On the menu:
Vietnamese Chicken Salad
Slow Cooked Vietnamese Lamb Shanks, Sesame Roast Sweet Potato, GABA rice
Banh Flan (Vietnamese Coconut Creme Caramel)
I adore Asian food. But don’t cook it often enough. Vietnamese is my favourite, as I find it the freshest and lightest of all Asian cuisines.
Having a glut cooked chicken breasts in the freezer, a tried and tested Vietnamese chicken salad beckoned. Combine cooked chicken, carrots and Chinese cabbage. Add dressing. Job’s a good’un. Don’t be fooled by its simplicity though. This salad is fresh, juicy and packs a punch
I recently upgraded my trusty Multicooker. So I’ve been playing around with it for sous-vide, and I’ve tested it as a deep-fryer. But I hadn’t tried it as a slow cooker yet. Lamb shanks are perfect to put it to the test. With the heady aromas of fish sauce, lime, chilli and star anise and a side of GABA rice. Main course sorted!
GABA Rice is a recent discovery for me. And I’m a convert. Forget everything you thought you knew about the cardboard experience that is brown rice.
Also called Germinated Brown Rice (GBR), sprouted GABA rice is wholegrain rice which is naturally germinated before milling. The germination process encourages production of vitamins, nutrients and amino acids such as gamma-aminobutyric acid (GABA), lysine, tocotrienols, magnesium and zinc. It has a softer texture than brown rice and a nuttier flavour.
Some scientific studies show that a germinated brown rice rich diet can improve cognitive function. Other emerging research has found that it could also act as an anti-diabetic, as it may contain compounds that promote blood sugar control
GABA rice is apparently less irritating to the digestive tract and less likely to promote allergic reactions than regular rice. Its nutrients are believed to be better absorbed.
Whether or not it’s actually healthier than bog-standard brown rice remains to be proven in the long term. But if you’re having trouble making the switch from white to brown rice, you may find the taste and texture of GABA rice a good alternative.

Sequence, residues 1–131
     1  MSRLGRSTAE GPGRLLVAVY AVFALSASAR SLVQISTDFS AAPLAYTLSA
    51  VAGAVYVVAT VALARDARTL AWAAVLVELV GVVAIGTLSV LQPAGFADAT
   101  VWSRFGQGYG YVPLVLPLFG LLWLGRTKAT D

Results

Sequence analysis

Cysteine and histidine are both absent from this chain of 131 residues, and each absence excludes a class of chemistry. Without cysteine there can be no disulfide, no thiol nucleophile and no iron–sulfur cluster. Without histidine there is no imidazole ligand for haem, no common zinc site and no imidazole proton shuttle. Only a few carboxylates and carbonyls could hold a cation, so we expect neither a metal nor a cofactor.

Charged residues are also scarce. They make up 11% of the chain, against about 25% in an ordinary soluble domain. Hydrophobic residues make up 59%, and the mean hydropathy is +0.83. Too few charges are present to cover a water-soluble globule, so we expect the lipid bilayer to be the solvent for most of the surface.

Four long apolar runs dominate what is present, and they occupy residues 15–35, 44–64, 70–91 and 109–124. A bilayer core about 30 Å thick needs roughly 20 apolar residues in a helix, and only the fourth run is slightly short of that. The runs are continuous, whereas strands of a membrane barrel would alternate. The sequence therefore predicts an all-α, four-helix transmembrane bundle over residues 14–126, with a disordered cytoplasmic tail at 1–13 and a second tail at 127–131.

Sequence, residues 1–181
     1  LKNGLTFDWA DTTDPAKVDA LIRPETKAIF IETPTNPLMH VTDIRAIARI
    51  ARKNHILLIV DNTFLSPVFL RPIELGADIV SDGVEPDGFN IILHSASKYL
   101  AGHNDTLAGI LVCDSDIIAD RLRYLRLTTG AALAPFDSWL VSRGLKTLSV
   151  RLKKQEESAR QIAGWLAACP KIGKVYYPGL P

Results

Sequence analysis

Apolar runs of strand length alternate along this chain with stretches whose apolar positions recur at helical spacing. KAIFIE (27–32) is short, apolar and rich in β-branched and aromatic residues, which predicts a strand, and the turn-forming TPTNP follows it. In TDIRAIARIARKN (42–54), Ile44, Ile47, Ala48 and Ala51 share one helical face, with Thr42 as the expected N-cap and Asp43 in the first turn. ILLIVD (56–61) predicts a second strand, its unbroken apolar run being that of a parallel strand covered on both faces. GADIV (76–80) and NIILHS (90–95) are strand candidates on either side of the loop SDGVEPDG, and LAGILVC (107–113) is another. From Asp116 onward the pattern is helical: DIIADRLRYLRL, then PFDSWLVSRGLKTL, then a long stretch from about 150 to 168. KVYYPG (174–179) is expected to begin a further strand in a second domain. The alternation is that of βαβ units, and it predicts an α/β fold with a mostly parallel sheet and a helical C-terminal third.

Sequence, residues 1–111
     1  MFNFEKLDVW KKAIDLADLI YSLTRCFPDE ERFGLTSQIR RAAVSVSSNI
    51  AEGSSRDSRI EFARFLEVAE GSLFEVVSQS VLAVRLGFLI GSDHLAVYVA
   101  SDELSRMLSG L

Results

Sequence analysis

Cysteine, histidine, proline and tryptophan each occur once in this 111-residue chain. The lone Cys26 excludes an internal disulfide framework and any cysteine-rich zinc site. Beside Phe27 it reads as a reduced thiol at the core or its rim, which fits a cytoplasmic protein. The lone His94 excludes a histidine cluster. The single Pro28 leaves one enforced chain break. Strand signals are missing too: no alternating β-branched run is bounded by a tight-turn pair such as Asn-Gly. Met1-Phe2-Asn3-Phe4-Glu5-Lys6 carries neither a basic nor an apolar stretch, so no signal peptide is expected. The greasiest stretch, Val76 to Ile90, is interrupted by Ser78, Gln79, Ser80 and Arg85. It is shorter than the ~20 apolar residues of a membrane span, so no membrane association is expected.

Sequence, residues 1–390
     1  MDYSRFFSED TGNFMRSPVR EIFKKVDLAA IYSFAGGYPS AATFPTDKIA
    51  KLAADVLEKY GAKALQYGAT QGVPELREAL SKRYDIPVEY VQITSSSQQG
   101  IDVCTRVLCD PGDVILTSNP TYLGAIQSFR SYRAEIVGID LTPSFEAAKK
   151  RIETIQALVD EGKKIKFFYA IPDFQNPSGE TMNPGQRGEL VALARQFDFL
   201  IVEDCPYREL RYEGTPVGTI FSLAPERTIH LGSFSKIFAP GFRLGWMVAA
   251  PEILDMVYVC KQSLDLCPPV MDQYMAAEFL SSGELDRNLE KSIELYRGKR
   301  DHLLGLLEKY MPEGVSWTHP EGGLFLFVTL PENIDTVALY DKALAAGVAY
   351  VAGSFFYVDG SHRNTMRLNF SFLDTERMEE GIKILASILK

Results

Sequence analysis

Enough of the nutritional stuff. What about dessert!?!?
Bizarrely, creme caramel is hugely popular in Vietnam, due to the historic connection of Vietnam with France in colonial times. Known as Banh Flan, Banh Kem or Kem Flan, it’s made with coconut milk and traditionally steamed, as many Vietnamese households did not have ovens. Steaming results in lots of little holes in the creme caramel. As I prefer a smoother texture, I opted for the classic Bain Marie method (oven water bath).
In Vietnam, creme caramel is often served topped with crushed ice. It is said to counterbalance the sweetness of the caramel. It may also be to chill it back down, as it may have been standing around on a market stall in hot humid conditions for some time (not many fridges in Vietnamese markets).
I have a fridge. So I scattered mine with desiccated coconut and lime zest instead.
Vietnamese chicken salad (serves 4 – DF GF RSF LC)
Based on a recipe from The Complete Asian Cookbook published by Bay Books ISBN 1-74045-269)
This simple salad isn’t a looker, but it’s super easy to make and has great flavour impact.
3 cooked chicken breasts, roughly shredded (left over Sunday roast will do. Or poach chicken breasts in water and reserve the cooking liquid for the next time you make chicken stock, using it instead of water. I did mine sous vide at 60 C for 1 ½ hrs)
1 red or green chilli, seeds in or out to taste, finely chopped
60 ml lime juice (approx. 2 limes)
2 tbsp coconut palm sugar (I use Biona. You can use soft brown sugar if preferred)
60 ml fish sauce (check the label, not all are GF)
½ Chinese cabbage, finely shredded